LOWER TOWNSHIP — When Claire Nagel heard about a national movement toward locally grown foods, she planted a big garden and got some chickens.
The problem: Nagel, 79, of Shore Drive in the Town Bank section of Lower Township, does not live on a farm.
Now those six Rhode Island Reds — a type of chicken — have gotten her into trouble with at least one neighbor and a violation notice from the local code enforcement office.
“The whole thing was about doing things locally and having some local sources of food. I was interested in getting some organic eggs for less than $4-something a dozen,” Nagel said.
Code Enforcement Officer Walt Fiore said he received a complaint and cited Nagel under a local ordinance that requires lots be at least one acre in size to house farm animals. Nagel has a lot of slightly more than 10,000 square feet, about one-quarter acre, overlooking the Delaware Bay. Fiore said Nagel has until Aug. 29 to get rid of the chickens.
“We’re looking for compliance. She’s real close to the neighbors so they have to see them and smell them,” Fiore said.
Nagel said her chickens don’t smell and they make less noise than the crows and sea gulls that fly over the neighborhood. She said one night they were noisy because they were spooked by a swinging door. She said they settle down at about 8 p.m. and are quiet all night.
Nagel has appealed to the governing body to change the ordinance and allow chickens or ducks on 10,000-square-foot lots, which happens to be the law in neighboring Middle Township.
“My proposal is to support and encourage the rural and agricultural character of the community,” Nagel said.
Township Manager Mike Voll visited Nagel’s house and said he was impressed. The six chickens have an outdoor pen and can hop through a window into the detached garage for shelter. Nagel plays country music for them and feeds them grass and produce from her garden. She cleans the coop regularly.
“It’s a very clean environment with no noise and no odor. They haven’t laid any eggs yet,” Voll said.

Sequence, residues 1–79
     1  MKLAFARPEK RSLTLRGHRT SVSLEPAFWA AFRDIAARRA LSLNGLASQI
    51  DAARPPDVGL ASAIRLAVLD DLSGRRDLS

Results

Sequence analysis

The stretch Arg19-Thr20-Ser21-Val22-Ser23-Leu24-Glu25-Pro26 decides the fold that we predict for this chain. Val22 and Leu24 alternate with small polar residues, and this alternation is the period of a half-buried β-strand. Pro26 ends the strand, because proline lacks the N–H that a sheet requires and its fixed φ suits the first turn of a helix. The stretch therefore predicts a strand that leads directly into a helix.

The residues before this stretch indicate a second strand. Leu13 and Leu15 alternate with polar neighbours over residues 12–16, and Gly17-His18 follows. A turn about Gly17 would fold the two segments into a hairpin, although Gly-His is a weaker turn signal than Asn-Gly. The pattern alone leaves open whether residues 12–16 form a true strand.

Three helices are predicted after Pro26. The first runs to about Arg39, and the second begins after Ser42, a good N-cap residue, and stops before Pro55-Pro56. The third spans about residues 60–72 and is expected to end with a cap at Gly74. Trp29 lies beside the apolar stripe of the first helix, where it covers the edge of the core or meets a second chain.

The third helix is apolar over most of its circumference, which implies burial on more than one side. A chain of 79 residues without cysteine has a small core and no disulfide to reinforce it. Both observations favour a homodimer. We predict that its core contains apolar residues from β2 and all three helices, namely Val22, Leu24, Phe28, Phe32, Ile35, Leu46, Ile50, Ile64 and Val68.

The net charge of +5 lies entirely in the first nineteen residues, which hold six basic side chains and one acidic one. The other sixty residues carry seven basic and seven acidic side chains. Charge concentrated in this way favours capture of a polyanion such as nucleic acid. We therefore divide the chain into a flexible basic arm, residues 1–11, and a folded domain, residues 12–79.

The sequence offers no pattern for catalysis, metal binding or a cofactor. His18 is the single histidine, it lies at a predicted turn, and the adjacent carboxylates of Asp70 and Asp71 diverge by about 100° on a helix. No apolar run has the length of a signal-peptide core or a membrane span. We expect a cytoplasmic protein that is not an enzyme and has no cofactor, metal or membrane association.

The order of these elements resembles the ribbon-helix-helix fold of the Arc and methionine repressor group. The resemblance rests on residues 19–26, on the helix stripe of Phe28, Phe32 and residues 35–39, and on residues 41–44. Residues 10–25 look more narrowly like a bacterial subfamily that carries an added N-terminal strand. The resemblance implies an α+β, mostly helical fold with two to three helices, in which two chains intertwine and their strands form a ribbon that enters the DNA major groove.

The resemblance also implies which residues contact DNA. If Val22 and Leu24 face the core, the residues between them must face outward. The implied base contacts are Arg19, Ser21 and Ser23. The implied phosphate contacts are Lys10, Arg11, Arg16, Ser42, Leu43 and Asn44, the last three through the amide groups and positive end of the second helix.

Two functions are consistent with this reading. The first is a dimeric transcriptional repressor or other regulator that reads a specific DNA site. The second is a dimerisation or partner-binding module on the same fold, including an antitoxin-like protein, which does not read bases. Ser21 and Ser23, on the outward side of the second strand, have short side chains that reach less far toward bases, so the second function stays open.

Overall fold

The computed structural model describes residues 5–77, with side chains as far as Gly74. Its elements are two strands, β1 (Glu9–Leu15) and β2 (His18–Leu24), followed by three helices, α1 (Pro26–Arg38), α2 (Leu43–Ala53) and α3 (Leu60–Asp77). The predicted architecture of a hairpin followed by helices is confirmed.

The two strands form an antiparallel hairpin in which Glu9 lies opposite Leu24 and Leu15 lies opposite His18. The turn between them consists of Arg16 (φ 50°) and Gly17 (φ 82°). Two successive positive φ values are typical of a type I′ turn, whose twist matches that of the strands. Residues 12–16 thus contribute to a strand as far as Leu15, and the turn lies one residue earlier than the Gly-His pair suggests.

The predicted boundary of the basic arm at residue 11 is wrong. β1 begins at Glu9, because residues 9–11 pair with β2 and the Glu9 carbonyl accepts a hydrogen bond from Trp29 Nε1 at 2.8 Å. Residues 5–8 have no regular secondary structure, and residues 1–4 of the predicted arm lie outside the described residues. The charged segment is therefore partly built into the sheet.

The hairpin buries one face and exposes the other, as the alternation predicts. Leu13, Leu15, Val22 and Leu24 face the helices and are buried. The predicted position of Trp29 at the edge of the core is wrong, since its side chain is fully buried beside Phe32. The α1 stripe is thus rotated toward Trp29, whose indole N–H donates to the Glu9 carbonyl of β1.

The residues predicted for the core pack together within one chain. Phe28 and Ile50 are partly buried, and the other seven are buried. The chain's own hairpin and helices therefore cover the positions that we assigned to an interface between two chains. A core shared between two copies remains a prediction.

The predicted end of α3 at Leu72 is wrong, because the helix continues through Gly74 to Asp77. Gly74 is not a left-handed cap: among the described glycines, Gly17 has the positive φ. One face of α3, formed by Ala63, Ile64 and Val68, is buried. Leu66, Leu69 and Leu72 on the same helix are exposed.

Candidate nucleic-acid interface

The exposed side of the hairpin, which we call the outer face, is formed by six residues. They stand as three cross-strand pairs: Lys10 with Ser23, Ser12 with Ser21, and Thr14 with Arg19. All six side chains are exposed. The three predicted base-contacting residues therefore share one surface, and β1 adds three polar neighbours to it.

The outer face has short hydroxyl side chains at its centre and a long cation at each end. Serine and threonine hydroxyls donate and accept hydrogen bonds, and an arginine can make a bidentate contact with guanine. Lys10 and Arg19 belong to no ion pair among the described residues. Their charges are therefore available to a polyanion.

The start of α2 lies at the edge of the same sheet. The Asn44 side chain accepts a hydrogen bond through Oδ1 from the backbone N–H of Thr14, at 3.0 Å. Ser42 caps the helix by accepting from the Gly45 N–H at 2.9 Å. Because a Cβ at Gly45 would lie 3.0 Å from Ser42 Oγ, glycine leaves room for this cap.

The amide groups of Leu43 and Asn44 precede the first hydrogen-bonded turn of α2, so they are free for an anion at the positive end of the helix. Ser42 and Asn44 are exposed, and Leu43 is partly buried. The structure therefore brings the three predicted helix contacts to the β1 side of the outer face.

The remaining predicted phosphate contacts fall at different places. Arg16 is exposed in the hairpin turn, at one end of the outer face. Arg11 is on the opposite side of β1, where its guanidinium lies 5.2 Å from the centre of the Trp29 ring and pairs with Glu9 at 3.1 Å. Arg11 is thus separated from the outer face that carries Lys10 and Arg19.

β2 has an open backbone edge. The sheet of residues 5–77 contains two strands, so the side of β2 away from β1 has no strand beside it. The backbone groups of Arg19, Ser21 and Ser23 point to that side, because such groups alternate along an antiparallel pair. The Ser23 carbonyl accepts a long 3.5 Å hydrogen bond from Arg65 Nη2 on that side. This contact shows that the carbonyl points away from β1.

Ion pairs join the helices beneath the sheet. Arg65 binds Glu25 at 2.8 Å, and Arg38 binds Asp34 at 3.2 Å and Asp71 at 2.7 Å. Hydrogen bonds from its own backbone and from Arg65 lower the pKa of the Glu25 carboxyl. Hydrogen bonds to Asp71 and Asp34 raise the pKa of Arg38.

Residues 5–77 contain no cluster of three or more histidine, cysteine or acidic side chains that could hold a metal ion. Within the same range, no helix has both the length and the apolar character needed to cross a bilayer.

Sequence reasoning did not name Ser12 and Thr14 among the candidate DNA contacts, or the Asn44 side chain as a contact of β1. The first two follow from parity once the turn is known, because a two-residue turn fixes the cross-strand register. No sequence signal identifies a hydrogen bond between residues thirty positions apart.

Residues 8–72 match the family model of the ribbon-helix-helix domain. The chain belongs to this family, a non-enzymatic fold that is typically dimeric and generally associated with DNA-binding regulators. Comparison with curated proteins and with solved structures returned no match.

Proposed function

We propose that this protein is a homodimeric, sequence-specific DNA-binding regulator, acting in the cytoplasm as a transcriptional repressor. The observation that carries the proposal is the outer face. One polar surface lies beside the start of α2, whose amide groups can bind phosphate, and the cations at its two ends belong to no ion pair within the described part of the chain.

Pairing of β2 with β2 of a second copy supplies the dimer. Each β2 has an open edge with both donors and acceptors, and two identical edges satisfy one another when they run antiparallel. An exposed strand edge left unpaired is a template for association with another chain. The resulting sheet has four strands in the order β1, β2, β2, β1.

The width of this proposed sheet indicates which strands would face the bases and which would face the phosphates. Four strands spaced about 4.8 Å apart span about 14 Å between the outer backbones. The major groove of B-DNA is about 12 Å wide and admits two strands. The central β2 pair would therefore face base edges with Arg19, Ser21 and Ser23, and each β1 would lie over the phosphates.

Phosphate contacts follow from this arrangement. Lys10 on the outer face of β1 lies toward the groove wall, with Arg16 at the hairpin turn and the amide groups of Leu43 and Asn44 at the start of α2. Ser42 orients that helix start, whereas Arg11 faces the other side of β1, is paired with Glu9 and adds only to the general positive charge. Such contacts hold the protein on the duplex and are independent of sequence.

Nagel said she talked to the township about the chickens before purchasing them, but does not remember with whom she spoke. She said she was told residents are allowed one pet chicken per person. With five people living on her lot, including several renters, she figured she could legally get five chickens.
“I got six. I pushed the envelope a bit,” Nagel said.
Nagel is now proposing allowing as many as six chickens (or ducks) on lots of 10,000 to 35,000 square feet, with as many 12 animals on larger parcels. The animals could not be bred and no roosters would be permitted. They could also not be sold or used to generate income. The animals would have to be contained with 3 square feet inside and 5 square feet outside for each animal.
Nagel presented her proposal to Township Council and is now seeking support, in the form of signatures, from residents in Town Bank.
“I thought about a petition but it seemed too threatening somehow. I’m more into persuasion. I’m getting signatures of support,” Nagel said.
Nagel’s friend Deborah Holzknecht, a local resident who built the coop and has helped raise the chickens, said Middle Township’s law seems to work.
“If Middle can have backyard chickens, why not Lower? I went to the library and read up on it, how much space they need and how to build nest boxes. They have way more space than the books say,” Holzknecht said.
Nagel said she buys organic chicken food at a store in Philadelphia that also sells chicken coops, so it seems like even big cities have some backyard chicken enthusiasts.
The clock is ticking on the order to remove the chickens, the signature campaign and the appeal to council. Nagel and Holzknecht, meanwhile, are still waiting for that first egg. They got the baby chicks in April and it normally takes about six months.
“We hope they start this month or in September. They should be close,” Holzknecht said.
Nagel said the chickens are now part of her routine.
“I’m up at 6 (a.m.) getting their food and cutting greens for them. When they see me they start clucking. If I don’t get out soon enough they start clucking.”
The clucking must have bothered at least one neighbor, mostly summer residents in this neighborhood, but Nagel did not know of any problems.
“The first I heard there was a problem was when Mr. Fiore knocked on my door,” Nagel said.
The Lower Township Planning Board will discuss Nagel’s proposal Thursday night.
Contact Richard Degener: